Seeing radiant boys, golden-haired specters glowing in darkness, may be an omen of misfortune or death, according to different traditions.
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It’s speculated the belief originated in Germany with the “Kindermorderinn,” children whose mothers murdered them, and were brought to Northumberland and Cumberland, English counties originally settled by Germans, where most sightings are documented.
Corby Castle’s Radient Boy
This Cumberland manor house, ancestral Howard home, was haunted by a radiant boy. He had been frequently observed in “the haunted room.”
The Rector of Greystroke and his wife planned on spending several days at Corby and were given the haunted bedroom. The sighting occurred on September 8, 1803. The couple left that morning. Eventually, the clergyman told the Howards the reason for their unexpected departure.
He woke around 1:30 AM and saw the fire had died. There was a glimmer in the room which turned into a shining flame. He saw a golden-haired boy, dressed in white, by the bed. The apparition glided toward the chimney and disappeared.
It’s not known if the rector experienced misfortune; however, he still talked about the experience 20 years later. This was the last appearance of the radiant boy.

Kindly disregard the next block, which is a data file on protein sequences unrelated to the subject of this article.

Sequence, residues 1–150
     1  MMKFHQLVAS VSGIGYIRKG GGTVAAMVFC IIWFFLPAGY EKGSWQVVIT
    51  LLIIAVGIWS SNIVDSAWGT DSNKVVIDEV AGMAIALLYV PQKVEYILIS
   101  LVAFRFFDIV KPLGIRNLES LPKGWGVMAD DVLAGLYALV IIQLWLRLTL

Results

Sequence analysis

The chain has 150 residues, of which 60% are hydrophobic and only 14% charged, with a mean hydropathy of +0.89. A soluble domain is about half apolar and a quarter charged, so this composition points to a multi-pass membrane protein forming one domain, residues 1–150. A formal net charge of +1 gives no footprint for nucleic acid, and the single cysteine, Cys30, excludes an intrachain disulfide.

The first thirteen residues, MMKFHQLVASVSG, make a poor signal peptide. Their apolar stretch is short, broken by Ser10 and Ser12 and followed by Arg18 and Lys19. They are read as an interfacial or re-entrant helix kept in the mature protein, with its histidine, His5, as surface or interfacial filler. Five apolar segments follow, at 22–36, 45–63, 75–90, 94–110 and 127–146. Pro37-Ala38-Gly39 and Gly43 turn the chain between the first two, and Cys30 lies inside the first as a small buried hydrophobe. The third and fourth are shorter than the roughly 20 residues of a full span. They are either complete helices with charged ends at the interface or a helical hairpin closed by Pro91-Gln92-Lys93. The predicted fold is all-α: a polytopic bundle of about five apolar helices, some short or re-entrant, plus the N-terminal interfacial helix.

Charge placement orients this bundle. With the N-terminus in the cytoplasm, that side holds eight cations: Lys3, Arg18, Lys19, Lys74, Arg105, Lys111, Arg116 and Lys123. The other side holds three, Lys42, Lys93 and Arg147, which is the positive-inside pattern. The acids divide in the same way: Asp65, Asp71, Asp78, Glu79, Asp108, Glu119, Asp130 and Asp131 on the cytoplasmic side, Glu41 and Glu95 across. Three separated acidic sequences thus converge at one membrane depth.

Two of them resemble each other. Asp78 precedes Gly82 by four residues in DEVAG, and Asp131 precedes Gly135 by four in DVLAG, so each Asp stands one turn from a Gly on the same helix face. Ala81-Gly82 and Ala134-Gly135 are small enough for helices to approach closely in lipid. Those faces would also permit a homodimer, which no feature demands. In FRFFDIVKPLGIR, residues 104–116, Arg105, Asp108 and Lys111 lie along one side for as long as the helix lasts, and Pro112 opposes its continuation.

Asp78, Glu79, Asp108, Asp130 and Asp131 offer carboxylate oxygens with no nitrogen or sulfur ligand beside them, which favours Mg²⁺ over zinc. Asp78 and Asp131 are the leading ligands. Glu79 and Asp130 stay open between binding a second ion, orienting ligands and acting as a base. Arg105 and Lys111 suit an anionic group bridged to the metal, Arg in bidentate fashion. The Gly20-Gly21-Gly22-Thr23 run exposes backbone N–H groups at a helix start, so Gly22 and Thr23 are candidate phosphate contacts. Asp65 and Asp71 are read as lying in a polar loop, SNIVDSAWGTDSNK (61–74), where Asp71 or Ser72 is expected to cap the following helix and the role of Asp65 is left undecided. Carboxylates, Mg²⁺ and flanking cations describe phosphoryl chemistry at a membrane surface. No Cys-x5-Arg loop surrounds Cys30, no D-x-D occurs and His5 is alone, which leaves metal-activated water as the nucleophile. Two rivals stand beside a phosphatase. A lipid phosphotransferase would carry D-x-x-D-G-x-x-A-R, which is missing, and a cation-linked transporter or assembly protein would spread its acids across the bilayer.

Radient Boy Haunts Chillingham Castle
The Blue Boy haunted this Northumberland edifice’s Pink Room. Agonized shrieks of a child were heard at midnight by a passage leading through a 10-foot thick wall into the adjacent tower.
As the cries died away, a bright halo of light formed. The apparition of a young boy, clad in blue, surrounded by the aura of light would approach the bed.
During the 1920s, skeletons of a man and a young boy with fragments of blue cloth were found. The radiant boy hasn’t been seen since his remains were buried in consecrated earth, although some Pink Room guests have reported seeing flashes of blue light during nighttime hours on a certain wall. The wall isn’t wired for electricity.
Sinister Radiant Boy
Captain Robert Stewart, second son of the Marquis of Londonderry, later famous as English statesman Viscount Castlereagh, saw the ominous specter. While he was hunting in Ireland, a lightning storm broke. He found haven in a local manor house.
His room, a large one with a fireplace, had an unsettling aura, but Steward was tired and quickly fell asleep. He woke up about two hours later and noticed the fire was extinguished. He saw a bright light in the shape of a golden-haired boy near the hearth. At first he was frightened, then suspicious. Steward became angry, thinking it was a practical joke..
When he told his host about the incident, the man asked the butler which room had been given to the captain. The servant told him it was the “boy’s room,” but he lit a fire to keep the child away.
Years before, the boy’s mother murdered him in that room. His ghost had been sighted before and was deemed an omen of power and prosperity followed by death during a zenith.
Steward scoffed at this. He wouldn’t inherit Londonderry. His older brother, the heir, was in good health. A few days after the sighting, the brother drowned, making Steward the wealthy heir to family fortunes and title.
As Viscount, he was active in politics and amassed power. By 1822, his mental state had greatly deteriorated. He became paranoid, believing people were plotting against him, and committed suicide on August 12th.